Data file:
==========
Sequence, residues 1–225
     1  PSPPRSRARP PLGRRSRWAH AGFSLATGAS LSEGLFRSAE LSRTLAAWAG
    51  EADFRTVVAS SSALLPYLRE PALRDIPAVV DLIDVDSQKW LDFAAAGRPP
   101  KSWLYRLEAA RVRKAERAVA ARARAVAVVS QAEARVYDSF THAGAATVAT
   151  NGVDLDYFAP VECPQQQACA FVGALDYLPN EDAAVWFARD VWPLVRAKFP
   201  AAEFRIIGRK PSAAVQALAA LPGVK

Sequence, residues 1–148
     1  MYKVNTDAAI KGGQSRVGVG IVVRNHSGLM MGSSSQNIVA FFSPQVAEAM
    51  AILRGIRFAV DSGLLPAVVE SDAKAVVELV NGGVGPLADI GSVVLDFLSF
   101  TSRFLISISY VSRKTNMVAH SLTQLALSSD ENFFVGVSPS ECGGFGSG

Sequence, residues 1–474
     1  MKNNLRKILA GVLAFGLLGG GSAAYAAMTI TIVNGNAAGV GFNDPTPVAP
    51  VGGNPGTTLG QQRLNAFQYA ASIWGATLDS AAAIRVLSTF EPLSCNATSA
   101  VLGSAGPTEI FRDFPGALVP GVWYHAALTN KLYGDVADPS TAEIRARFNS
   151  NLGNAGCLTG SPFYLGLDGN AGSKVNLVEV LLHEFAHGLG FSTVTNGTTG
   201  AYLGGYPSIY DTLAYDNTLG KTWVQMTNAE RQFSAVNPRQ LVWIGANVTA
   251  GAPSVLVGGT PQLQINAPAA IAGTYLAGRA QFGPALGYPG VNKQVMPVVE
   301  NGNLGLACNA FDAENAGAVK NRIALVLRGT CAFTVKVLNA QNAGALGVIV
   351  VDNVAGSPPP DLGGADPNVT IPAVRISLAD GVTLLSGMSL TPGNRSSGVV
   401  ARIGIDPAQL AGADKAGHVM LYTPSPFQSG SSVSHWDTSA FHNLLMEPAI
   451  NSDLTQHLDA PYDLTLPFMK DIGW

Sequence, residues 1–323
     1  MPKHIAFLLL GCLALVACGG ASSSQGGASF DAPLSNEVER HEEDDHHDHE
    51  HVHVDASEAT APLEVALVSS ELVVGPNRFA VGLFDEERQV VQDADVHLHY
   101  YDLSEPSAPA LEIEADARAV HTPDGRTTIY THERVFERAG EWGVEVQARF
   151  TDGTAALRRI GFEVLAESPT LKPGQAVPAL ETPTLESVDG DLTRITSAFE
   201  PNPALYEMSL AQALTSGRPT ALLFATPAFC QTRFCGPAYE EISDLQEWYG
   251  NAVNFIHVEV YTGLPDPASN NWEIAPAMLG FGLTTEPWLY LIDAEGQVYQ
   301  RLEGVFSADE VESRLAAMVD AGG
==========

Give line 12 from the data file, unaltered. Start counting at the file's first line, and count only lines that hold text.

     1  MKNNLRKILA GVLAFGLLGG GSAAYAAMTI TIVNGNAAGV GFNDPTPVAP